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5029Re: [BrainSurgery@Yahoo] Re: My son had brain surgery on March 23

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  • Anne McGinnis Breen
    Apr 19, 2011
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      Dear Ronna,
      Thanks so much for sharing your story and the details of his good longterm recovery from brain surgery..
      Rereading this thread can really help some other people more than you will ever know
      helping them to realize that the immediate post op side effects of the first few weeks
      are not permanent if the patient gets appropriate care and brain rehabilitation therapy like you did for him
      Many people do not know they have to start the recovery with baby steps and baby words sometimes
      I am sure your loving care and constant encouragement with a sense of humor helped him make such a good recovery.
      I hope you have a safe trip home, and I hope he does well for a long, long time despite his current prognosis,
      The doctors did a good job, and they do not know everything....
      I pray he has many miles yet to go and many precious dreams yet to live.

      GBYAY Anne McGinnis Breen
      See my ponytail bouncing and my smiley face winking at you? &;>)

      Please scroll all the way down to my first two blog entries for my list of 28 questions to ask your medical team about brain tumor treatments originally composed in 1997 plus my personal meningioma alternative drug therapy RU486 Mifepristone and my new blog comments about the obsolete 1990s EPA radiation risk calculations for women and children are found at http://gbyay.blogspot.com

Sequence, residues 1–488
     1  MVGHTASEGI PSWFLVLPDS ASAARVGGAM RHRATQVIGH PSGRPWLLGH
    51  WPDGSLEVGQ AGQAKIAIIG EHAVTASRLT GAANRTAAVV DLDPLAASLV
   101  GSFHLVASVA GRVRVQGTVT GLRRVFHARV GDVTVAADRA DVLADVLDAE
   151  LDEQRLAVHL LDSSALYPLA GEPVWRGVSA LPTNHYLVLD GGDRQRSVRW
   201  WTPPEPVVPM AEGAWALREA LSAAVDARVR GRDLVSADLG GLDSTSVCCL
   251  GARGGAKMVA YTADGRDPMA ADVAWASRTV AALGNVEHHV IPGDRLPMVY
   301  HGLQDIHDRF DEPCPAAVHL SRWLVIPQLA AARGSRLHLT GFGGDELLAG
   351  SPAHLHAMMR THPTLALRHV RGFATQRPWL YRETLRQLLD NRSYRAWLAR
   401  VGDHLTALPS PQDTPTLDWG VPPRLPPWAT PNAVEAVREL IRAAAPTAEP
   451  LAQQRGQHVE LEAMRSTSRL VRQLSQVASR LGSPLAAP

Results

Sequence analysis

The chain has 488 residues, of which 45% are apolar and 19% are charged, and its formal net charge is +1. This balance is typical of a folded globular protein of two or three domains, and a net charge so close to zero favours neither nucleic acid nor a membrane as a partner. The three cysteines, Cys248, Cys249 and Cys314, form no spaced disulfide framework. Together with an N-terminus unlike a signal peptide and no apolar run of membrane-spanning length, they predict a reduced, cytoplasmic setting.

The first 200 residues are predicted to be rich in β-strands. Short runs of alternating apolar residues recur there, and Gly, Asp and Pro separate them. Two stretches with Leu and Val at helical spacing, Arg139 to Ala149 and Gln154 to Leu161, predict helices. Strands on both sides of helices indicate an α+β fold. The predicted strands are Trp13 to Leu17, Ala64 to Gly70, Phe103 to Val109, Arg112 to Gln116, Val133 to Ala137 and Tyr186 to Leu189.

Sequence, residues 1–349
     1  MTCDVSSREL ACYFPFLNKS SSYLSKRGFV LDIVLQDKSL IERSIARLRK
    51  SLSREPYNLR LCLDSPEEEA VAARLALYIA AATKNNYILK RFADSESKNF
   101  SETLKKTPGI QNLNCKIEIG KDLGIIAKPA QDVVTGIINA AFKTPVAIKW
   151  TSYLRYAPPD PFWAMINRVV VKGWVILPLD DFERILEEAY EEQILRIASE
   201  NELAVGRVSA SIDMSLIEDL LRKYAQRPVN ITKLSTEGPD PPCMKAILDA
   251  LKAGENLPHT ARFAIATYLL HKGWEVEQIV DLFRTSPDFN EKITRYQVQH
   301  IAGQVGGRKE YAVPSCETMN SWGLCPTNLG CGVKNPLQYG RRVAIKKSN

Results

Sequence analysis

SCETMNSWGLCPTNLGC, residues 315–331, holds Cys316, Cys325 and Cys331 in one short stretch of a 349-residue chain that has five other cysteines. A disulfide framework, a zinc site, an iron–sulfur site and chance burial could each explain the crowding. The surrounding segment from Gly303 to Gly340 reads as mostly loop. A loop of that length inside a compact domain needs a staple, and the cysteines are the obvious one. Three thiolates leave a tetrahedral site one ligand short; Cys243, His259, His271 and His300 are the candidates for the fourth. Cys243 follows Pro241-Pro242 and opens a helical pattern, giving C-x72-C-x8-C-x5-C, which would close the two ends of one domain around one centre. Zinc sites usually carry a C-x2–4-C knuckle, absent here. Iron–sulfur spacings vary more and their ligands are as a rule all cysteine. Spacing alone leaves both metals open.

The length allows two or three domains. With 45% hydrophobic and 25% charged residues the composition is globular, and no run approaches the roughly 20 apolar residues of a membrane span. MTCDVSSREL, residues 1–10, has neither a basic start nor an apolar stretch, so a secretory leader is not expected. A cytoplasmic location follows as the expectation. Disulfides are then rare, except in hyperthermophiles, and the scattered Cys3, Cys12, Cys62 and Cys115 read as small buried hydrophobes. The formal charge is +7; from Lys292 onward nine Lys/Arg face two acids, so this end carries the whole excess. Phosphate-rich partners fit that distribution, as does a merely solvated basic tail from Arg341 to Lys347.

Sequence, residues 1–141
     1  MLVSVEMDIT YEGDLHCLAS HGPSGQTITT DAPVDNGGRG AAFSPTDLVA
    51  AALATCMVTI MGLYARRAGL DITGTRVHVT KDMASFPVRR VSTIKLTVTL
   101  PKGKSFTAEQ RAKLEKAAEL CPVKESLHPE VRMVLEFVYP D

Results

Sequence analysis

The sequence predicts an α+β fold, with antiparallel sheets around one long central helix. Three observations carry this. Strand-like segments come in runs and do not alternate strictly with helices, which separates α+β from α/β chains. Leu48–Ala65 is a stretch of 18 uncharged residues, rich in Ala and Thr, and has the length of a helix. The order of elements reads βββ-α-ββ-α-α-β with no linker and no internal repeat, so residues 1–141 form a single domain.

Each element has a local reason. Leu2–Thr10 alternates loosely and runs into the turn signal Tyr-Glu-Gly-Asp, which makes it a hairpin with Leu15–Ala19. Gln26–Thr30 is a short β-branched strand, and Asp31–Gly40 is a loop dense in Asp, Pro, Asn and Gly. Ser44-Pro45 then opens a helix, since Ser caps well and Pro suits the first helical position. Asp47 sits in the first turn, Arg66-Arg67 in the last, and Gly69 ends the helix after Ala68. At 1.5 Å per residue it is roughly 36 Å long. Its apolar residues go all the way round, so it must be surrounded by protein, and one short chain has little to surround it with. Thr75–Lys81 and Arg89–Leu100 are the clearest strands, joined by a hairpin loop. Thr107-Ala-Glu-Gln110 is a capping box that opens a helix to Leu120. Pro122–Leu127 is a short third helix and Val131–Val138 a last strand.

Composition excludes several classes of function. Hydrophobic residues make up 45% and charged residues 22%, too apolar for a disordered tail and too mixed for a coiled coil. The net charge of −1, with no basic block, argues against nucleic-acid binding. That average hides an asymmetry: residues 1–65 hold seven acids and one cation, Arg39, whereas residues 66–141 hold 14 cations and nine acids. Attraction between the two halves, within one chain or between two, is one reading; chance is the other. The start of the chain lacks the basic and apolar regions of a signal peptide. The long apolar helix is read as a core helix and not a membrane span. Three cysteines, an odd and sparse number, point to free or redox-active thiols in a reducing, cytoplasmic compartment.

~ ~ ~ ~ ~ ~ ~ ~ ~ ~ ~ ~ ~ ~ ~ ~ ~ ~ ~ ~ ~ ~ ~ ~ ~ ~ ~
      Keep you faith, cherish your reason, treasure your mind and hold to your own good purpose...be not afraid!



      -----Original Message-----
      From: Ronna Harlow <rharlow2@...>
      To: BrainSurgery@yahoogroups.com
      Sent: Tue, Apr 19, 2011 9:11 am
      Subject: Re: [BrainSurgery@Yahoo] Re: My son had brain surgery on March 23


      Well, I've had practice for nearly 3 years of being a long-distance mom. So
      ong as I know he is pretty much back to normal, I don't think it will be
      oo hard. He and I are simply not used to being together and I know he is
      eady to send me home! He did quite well yesterday with his first dose of
      hemo. He's a very independent young man and he knows he can contact me at
      nytime for anything.
      Thank you!
      On Tue, Apr 19, 2011 at 9:00 AM, Aleksa <hattie886@...> wrote:
      >

      Will it be hard for you to be a long-distance mom again after being so
      involved in your son's day-to-day life, and especially after the hard news
      you've received.

      Blessings to you and your family.

      grace & peace
      Aleksa

      --- On Mon, 4/18/11, sally.1234sally <rharlow2@...> wrote:

      From: sally.1234sally <rharlow2@...>
      Subject: [BrainSurgery@Yahoo] Re: My son had brain surgery on March 23
      To: BrainSurgery@yahoogroups.com
      Received: Monday, April 18, 2011, 4:05 PM




      My son was discharged home from the rehab facility on April 8. Since then
      he has made an awesome recovery and is fully functional and quite
      independent now! He no longer has the expressive aphasia and his right-sided
      weakness is nearly gone. However, on April 13, 3 weeks following surgery, at
      a followup with his neurosurgeon, we were told it was a grade 3 oligo, a
      malignant neoplasm. That was the first time we heard the actual diagnosis. A
      nurse at the rehab place told us the diagnosis was "benign neoplasm" so this
      bit of news hit us rather hard! Well, he started Temodar today, along with
      Bactrim and Zofran. He will be on this for twelve months. Today is Monday,